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DMWR: Loss of another purse seiner further threatens local economy

U.S. purse seiner fleet
While China’s fleet grows exponentially over the last two decades

Pago Pago, AMERICAN SAMOA — Taotasi Archie Soliai, Director of Marine & Wildlife Resources has recently written to the National Marine Fisheries Service of his “deep concern regarding the non-recognition of the US-flagged American Samoa based purse seine fleet as a locally based American Samoa fleet, and the detrimental impact this oversight” is having on the territory’s “fragile and marginalized economy”.

Addressed to Sarah Malloy, Acting Regional Administrator of NMFS, Pacific Islands Regional Office (PIRO), Taotasi’s letter, dated March 25, 2024, was deemed necessary due to “a recent report regarding the sale and reflagging of, yet another, US-flagged purse seiner vessel” —  Evelina da Rosa.

In his letter, the director of DMWR notes that there are now only 11 locally based US purse seiners, while “China’s fleet has grown exponentially in the last two decades to approximately 80 longliners, 500 purse seiners and 25 fish carriers.”

He points out that “Chinese policy with respect to food security and support for their fisheries far outweigh that of the US.”

Taotasi notes that the “downward trend in this fishery not only signifies a continued significant decline in our fishing fleet but also threatens the economic stability of American Samoa,” with the continued erosion of our fishery industry” resulting “in economic collapse for our territory, a fate that we cannot afford to entertain.”

He states that “it is imperative that NMFS takes immediate action to address this issue with the urgency it demands,” pointing to the plight of the territory’s fishing industry, “which serves as a vital lifeline for thousands of individuals and families in our community.”

The director says he understands “that there may be legal concerns and implications surrounding the recognition of the American Samoa-based purse seine fleet. However, it is crucial that these concerns are addressed in a manner that prioritizes the well-being of our community.”

He points out in his letter that “the Magnuson Stevens Act, particularly National Standard 8, emphasizes the importance of fishery resources to fishing communities, and it is clear that American Samoa meets the definition of such a community,” and urges Malloy to “recognize that the current trajectory is unsustainable and unjust for our community.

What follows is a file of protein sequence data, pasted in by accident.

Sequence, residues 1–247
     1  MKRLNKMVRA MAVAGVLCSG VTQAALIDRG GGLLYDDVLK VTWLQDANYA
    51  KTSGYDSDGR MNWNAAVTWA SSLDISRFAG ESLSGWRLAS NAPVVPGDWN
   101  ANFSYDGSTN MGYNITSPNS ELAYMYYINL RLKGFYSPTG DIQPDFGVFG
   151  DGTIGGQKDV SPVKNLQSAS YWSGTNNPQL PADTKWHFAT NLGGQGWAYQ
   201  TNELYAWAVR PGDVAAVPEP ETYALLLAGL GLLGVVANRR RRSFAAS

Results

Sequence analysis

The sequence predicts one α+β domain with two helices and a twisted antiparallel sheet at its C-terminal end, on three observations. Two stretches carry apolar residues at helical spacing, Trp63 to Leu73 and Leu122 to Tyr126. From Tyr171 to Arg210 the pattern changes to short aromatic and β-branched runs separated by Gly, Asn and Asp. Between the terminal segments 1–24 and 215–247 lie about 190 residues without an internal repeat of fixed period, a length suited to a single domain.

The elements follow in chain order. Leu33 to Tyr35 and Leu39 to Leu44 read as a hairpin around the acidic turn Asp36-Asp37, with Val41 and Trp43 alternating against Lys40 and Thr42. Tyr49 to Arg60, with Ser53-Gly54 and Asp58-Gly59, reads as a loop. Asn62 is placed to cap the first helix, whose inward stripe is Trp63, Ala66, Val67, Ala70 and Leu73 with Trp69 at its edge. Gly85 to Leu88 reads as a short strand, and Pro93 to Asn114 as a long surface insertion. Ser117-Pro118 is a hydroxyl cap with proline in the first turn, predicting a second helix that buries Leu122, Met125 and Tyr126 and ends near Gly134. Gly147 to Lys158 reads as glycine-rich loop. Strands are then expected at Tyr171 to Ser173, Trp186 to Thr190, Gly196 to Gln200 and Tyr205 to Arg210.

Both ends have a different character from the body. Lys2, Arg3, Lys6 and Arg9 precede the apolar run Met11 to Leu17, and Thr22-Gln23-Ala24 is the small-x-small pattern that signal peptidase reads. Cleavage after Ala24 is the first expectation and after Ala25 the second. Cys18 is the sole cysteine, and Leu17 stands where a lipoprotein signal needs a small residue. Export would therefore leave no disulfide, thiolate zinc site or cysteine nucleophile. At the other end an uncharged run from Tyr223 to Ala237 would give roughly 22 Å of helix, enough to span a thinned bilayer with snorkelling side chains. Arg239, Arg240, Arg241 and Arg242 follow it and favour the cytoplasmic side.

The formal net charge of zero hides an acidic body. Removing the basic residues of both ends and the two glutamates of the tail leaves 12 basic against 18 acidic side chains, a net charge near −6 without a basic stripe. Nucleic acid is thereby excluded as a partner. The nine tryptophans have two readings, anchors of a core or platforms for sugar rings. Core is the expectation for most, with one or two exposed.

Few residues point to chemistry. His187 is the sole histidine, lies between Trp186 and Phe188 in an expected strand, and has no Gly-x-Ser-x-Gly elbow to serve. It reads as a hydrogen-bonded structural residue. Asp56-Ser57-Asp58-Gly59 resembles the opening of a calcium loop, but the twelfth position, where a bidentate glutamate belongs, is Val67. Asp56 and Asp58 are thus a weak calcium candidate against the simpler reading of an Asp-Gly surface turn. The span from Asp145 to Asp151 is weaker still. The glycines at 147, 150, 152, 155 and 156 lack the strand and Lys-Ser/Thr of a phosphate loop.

“The policies in place must be revisited to ensure that they do not disproportionately disadvantage struggling economies like American Samoa.”

Taotasi concludes that “the local tuna industry is not just an economic asset but a fundamental pillar of our community's well- being.

“Failure to address this issue comprehensively and effectively is simply not an option.

“A collapse of the tuna industry in American Samoa is a failure on the United States.

“This setback will benefit distant water fishing nations such as China!

The DMWR director implores Malloy “to prioritize the interests of our community and take decisive action to rectify this situation.

“We stand at a critical juncture where the future of our fishing industry hangs in the balance,” and trusts that she “will undertake the necessary steps to plug the holes in our current policies and safeguard the economic prosperity of American Samoa.”

Taotasi’s letter was cc’d to Governor Lemanu P.S. Mauga; Lt. Governor La’apui Talauega E.V. Ale; Janet Coit, NOAA Assistant Administrator; Dr. Richard Spinrad, NOAA Administrator; Kelly Kryc, DAS International Fisheries; Fred Tucher, NOAA General Counsel Pacific Islands; Kitty Simonds, WPRFMC Executive Director; and, Taulapapa W. Sword, WPRFMC Chair.


American Samoa has long been fighting for the recognition of American Samoa’s U.S.-flagged purse seiners that call Pago Pago home as a distinct fleet, which would afford them benefits as a Small Island Developing State and Participating Territory (SIDS/ PT).

In 2022, the Western Pacific Regional Fisheries Management Council called for improved negations within the Western and Central Pacific Fisheries Commission (WCPFC), where 60% of the global tuna supply is managed.

For American Samoa it called for the recognition of American’s Samoa’s ‘distinct fleet’ because without this, it is difficult for American Samoa to compete internationally and jeopardizes the existence of a “local” American Samoa fleet to supply the cannery. This poses a threat to the economy of American Samoa.

“The international playing field must be leveled for the United States within WCPFC fisheries management, particularly to ensure American Samoa’s rights as a SIDS/ PT are respected and acknowledged,” the WPRFMC said in a 2022 press release.